A commercial kit – very similar to the one used by the authors – is available to test for protein levels in the blood, but it has not been approved by the FDA to diagnose or predict an individual’s risk of brain damage. Before such a test can be used for individual patients with Alzheimer’s or any other neurodegenerative condition, researchers will need to determine how much protein in the blood is too much, and how quickly protein levels can rise before it becomes a cause for concern.
“I could see this being used in the clinic in a few years to identify signs of brain damage in individual patients,” said Gordon, who is also an assistant professor of psychological & brain sciences. “We’re not at the point we can tell people, ‘In five years you’ll have dementia.’ We are all working towards that.”
About this neuroscience research article
Funding: Dominantly Inherited Alzheimer Network, NIH/National Institute on Aging, German Center for Neurodegenerative Diseases, NIH/National Institute of Neurological Diseases and Stroke, National Science Foundation, National Institutes of Health funded this study.
Source: Diane Duke Williams – WUSTL Publisher: Organized by NeuroscienceNews.com. Image Source: NeuroscienceNews.com image is in the public domain. Original Research:Abstract for “Serum neurofilament dynamics predicts neurodegeneration and clinical progression in presymptomatic Alzheimer’s disease” by Oliver Preische, Stephanie A. Schultz, Anja Apel, Jens Kuhle, Stephan A. Kaeser, Christian Barro, Susanne Gräber, Elke Kuder-Buletta, Christian LaFougere, Christoph Laske, Jonathan Vöglein, Johannes Levin, Colin L. Masters, Ralph Martins, Peter R. Schofield, Martin N. Rossor, Neill R. Graff-Radford, Stephen Salloway, Bernardino Ghetti, John M. Ringman, James M. Noble, Jasmeer Chhatwal, Alison M. Goate, Tammie L. S. Benzinger, John C. Morris, Randall J. Bateman, Guoqiao Wang, Anne M. Fagan, Eric M. McDade, Brian A. Gordon, Mathias Jucker, Ricardo Allegri, Fatima Amtashar, Randall Bateman, Tammie Benzinger, Sarah Berman, Courtney Bodge, Susan Brandon, William Brooks, Jill Buck, Virginia Buckles, Sochenda Chea, Jasmeer Chhatwal, Patricio Chrem, Helena Chui, Jake Cinco, Jack Clifford, Carlos Cruchaga, Mirelle D’Mello, Tamara Donahue, Jane Douglas, Noelia Edigo, Nilufer Erekin-Taner, Anne Fagan, Marty Farlow, Angela Farrar, Howard Feldman, Gigi Flynn, Nick Fox, Erin Franklin, Hisako Fujii, Cortaiga Gant, Samantha Gardener, Bernardino Ghetti, Alison Goate, Jill Goldman, Brian Gordon, Neill Graff-Radford, Julia Gray, Jenny Gurney, Jason Hassenstab, Mie Hirohara, David Holtzman, Russ Hornbeck, Siri Houeland DiBari, Takeshi Ikeuchi, Snezana Ikonomovic, Gina Jerome, Mathias Jucker, Celeste Karch, Kensaku Kasuga, Takeshi Kawarabayashi, William Klunk, Robert Koeppe, Elke Kuder-Buletta, Christoph Laske, Jae-Hong Lee, Johannes Levin, Daniel Marcus, Ralph Martins, Neal Scott Mason, Colin Masters, Denise Maue-Dreyfus, Eric McDade, Lucy Montoya, Hiroshi Mori, John Morris, Akem Nagamatsu, Katie Neimeyer, James Noble, Joanne Norton, Richard Perrin, Marc Raichle, John Ringman, Jee Hoon Roh, Stephen Salloway, Peter Schofield, Hiroyuki Shimada, Tomoyo Shiroto, Mikio Shoji, Wendy Sigurdson, Hamid Sohrabi, Paige Sparks, Kazushi Suzuki, Laura Swisher, Kevin Taddei, Jen Wang, Peter Wang, Mike Weiner, Mary Wolfsberger, Chengjie Xiong & Xiong Xu in Nature Medicine. Published January 21 2019. doi:10.1038/s41591-018-0304-3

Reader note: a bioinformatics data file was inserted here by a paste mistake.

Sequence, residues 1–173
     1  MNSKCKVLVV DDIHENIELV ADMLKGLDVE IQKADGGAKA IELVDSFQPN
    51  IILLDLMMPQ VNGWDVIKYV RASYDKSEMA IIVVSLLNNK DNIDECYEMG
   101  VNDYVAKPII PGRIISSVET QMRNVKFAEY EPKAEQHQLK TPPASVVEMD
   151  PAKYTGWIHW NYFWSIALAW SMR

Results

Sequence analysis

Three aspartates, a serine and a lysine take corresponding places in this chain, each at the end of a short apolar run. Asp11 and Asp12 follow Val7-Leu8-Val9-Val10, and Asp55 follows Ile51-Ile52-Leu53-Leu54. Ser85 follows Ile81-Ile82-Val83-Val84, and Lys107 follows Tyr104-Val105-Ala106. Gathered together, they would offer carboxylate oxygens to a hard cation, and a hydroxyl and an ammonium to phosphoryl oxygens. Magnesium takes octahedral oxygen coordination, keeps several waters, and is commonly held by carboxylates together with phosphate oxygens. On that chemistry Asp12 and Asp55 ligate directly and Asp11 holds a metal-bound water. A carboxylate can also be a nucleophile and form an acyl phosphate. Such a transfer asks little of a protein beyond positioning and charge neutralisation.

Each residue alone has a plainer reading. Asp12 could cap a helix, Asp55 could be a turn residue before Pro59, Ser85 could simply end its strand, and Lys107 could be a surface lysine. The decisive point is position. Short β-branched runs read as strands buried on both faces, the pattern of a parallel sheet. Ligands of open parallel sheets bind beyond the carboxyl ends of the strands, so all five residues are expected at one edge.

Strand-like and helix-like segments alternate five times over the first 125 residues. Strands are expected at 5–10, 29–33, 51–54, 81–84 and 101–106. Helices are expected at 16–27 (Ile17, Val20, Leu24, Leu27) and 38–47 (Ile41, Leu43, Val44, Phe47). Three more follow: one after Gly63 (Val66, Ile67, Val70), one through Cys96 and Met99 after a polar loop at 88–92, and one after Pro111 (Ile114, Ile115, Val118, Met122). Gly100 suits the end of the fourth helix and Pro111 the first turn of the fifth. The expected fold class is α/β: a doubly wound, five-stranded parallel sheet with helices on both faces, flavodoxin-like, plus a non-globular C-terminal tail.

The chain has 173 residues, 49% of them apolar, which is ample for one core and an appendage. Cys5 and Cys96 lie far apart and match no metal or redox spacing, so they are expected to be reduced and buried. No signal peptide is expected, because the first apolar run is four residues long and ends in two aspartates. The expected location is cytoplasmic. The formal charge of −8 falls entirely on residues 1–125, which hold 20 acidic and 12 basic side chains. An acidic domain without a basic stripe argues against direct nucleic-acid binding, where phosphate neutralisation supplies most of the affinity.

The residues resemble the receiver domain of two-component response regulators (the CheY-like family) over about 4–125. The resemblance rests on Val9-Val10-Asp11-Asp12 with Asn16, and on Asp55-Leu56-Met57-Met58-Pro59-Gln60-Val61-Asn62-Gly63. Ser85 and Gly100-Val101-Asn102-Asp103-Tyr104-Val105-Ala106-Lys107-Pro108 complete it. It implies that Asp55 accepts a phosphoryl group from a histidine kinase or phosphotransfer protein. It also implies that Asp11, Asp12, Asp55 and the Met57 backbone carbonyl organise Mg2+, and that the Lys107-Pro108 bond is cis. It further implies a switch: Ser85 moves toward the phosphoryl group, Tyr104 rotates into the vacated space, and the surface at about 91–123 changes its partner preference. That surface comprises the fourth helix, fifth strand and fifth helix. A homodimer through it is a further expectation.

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[cbtabs][cbtab title=”MLA”]WUSTL”Blood Test Detects Alzheimer’s Damage Before Symptoms.” NeuroscienceNews. NeuroscienceNews, 21 January 2019. <https://neurosciencenews.com/alzheimers-blood-test-10596/>.[/cbtab][cbtab title=”APA”]WUSTL(2019, January 21). Blood Test Detects Alzheimer’s Damage Before Symptoms. NeuroscienceNews. Retrieved January 21, 2019 from https://neurosciencenews.com/alzheimers-blood-test-10596/[/cbtab][cbtab title=”Chicago”]WUSTL”Blood Test Detects Alzheimer’s Damage Before Symptoms.” https://neurosciencenews.com/alzheimers-blood-test-10596/ (accessed January 21, 2019).[/cbtab][/cbtabs]
Serum neurofilament dynamics predicts neurodegeneration and clinical progression in presymptomatic Alzheimer’s disease
Neurofilament light chain (NfL) is a promising fluid biomarker of disease progression for various cerebral proteopathies. Here we leverage the unique characteristics of the Dominantly Inherited Alzheimer Network and ultrasensitive immunoassay technology to demonstrate that NfL levels in the cerebrospinal fluid (n = 187) and serum (n = 405) are correlated with one another and are elevated at the presymptomatic stages of familial Alzheimer’s disease. Longitudinal, within-person analysis of serum NfL dynamics (n = 196) confirmed this elevation and further revealed that the rate of change of serum NfL could discriminate mutation carriers from non-mutation carriers almost a decade earlier than cross-sectional absolute NfL levels (that is, 16.2 versus 6.8 years before the estimated symptom onset). Serum NfL rate of change peaked in participants converting from the presymptomatic to the symptomatic stage and was associated with cortical thinning assessed by magnetic resonance imaging, but less so with amyloid-β deposition or glucose metabolism (assessed by positron emission tomography). Serum NfL was predictive for both the rate of cortical thinning and cognitive changes assessed by the Mini–Mental State Examination and Logical Memory test. Thus, NfL dynamics in serum predict disease progression and brain neurodegeneration at the early presymptomatic stages of familial Alzheimer’s disease, which supports its potential utility as a clinically useful biomarker.